Addis Swing

The Economist has a great little story on the revival of local jazz–including musicians like Mulatu Astatke (in the video above with the Heliocentrics in London)–a tradition that dates back to the 1920s when “…  when Armenian orphans from the massacres in Turkey were adopted by Ethiopia’s imperial court and formed a band called Arba Lijoch, meaning Forty Children. Other big bands followed suit. “The Addis swing” caught on. By the dying days of Haile Selassie’s reign, in the early 1970s, musicians were fusing jazz and funk with more traditional Ethiopian tunes to create a distinctive Ethio-jazz. After the grim Marxist regime of Mengistu Haile Mariam took over in 1974, Ethio-jazz soon died, along with much else. The communists were suspicious of free-form jazz. Many players and fans were killed or fled, mostly to America. Hotel bands were replaced with drab synthesisers.”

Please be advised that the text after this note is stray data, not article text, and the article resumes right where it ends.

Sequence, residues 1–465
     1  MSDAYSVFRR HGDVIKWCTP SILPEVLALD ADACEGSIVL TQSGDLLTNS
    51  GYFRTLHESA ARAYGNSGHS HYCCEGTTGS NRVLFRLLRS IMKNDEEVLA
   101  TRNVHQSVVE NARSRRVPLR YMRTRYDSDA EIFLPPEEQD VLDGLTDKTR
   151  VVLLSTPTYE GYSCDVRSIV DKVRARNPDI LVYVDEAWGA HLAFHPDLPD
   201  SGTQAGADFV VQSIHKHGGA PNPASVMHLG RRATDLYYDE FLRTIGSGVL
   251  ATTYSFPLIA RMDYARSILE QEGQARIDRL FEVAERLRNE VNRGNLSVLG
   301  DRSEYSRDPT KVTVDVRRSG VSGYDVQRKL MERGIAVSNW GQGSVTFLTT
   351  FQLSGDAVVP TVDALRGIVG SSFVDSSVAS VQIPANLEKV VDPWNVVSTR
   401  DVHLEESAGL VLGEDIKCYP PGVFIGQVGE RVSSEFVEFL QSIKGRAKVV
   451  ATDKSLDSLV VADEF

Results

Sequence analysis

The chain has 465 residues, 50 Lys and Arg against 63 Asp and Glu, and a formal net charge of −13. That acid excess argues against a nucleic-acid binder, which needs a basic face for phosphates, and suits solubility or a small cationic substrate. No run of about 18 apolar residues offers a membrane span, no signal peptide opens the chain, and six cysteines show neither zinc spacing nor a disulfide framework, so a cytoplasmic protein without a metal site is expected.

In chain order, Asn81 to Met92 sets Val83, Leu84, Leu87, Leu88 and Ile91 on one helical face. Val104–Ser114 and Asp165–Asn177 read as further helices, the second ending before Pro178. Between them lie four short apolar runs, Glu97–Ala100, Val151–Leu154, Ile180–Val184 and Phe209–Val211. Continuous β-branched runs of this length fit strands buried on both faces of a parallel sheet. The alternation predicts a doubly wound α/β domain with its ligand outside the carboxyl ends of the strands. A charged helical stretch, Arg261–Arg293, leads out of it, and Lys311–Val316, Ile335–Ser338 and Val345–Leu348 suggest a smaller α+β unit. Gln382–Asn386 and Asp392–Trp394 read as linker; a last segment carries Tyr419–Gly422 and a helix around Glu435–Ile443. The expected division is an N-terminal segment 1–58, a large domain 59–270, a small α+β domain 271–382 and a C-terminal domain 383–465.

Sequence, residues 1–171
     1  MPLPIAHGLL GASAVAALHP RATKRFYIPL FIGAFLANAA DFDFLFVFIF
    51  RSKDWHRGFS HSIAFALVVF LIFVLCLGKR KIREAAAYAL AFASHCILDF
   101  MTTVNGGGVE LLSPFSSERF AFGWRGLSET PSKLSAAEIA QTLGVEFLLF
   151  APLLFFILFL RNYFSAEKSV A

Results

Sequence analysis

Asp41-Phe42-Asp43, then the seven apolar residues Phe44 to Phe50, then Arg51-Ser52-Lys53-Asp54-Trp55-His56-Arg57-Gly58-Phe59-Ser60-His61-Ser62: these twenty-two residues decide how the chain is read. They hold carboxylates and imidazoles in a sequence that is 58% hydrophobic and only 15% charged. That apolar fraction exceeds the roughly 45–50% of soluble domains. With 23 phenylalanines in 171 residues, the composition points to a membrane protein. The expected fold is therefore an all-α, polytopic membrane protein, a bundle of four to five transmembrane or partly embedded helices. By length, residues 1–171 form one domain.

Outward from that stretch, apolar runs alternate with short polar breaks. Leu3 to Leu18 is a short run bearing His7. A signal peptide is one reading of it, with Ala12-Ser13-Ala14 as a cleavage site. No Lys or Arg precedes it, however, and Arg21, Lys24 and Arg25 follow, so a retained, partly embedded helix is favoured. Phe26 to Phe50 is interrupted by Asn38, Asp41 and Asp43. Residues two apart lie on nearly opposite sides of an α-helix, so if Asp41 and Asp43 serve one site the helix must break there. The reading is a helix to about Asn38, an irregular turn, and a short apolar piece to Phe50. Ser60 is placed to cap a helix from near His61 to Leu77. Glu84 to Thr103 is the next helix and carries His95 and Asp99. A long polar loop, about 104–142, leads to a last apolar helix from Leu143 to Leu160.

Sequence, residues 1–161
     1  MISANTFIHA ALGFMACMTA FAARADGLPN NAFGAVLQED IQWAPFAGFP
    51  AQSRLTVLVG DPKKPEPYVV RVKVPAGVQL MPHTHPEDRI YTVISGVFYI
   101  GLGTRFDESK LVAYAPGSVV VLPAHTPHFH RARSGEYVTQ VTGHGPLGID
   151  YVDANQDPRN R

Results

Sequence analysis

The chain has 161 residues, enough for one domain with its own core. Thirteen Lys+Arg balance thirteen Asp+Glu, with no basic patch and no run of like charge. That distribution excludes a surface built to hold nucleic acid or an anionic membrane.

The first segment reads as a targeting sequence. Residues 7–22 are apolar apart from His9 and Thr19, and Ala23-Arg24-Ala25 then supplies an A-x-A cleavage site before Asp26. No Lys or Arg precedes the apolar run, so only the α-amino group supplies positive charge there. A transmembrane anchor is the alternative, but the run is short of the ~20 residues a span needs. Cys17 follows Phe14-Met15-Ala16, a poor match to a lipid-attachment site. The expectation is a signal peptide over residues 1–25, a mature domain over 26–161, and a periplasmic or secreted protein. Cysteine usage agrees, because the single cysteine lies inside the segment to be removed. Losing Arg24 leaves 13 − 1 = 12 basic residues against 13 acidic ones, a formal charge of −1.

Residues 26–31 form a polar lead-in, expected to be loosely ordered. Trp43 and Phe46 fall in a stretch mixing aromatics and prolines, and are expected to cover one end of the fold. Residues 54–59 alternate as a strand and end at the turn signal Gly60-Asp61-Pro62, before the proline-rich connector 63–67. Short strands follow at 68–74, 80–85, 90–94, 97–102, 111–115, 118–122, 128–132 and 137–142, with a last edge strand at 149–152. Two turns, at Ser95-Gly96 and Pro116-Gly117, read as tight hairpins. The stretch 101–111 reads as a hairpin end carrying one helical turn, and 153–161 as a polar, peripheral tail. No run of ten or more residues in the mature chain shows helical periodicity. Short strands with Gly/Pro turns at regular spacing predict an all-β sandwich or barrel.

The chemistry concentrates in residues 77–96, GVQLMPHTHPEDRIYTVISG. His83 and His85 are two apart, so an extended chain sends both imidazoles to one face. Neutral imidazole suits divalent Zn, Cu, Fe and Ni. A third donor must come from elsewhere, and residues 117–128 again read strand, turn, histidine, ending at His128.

Read it here.

Sean Jacobs

Sean Jacobs is on the international affairs faculty of The New School. He is the Founder and Editor of Africa is a Country.

2 Comments

Comments are closed

Mailing List

Sign up for email updates!

 

Not the continent with 54 countries







©Africa is a Country, 2016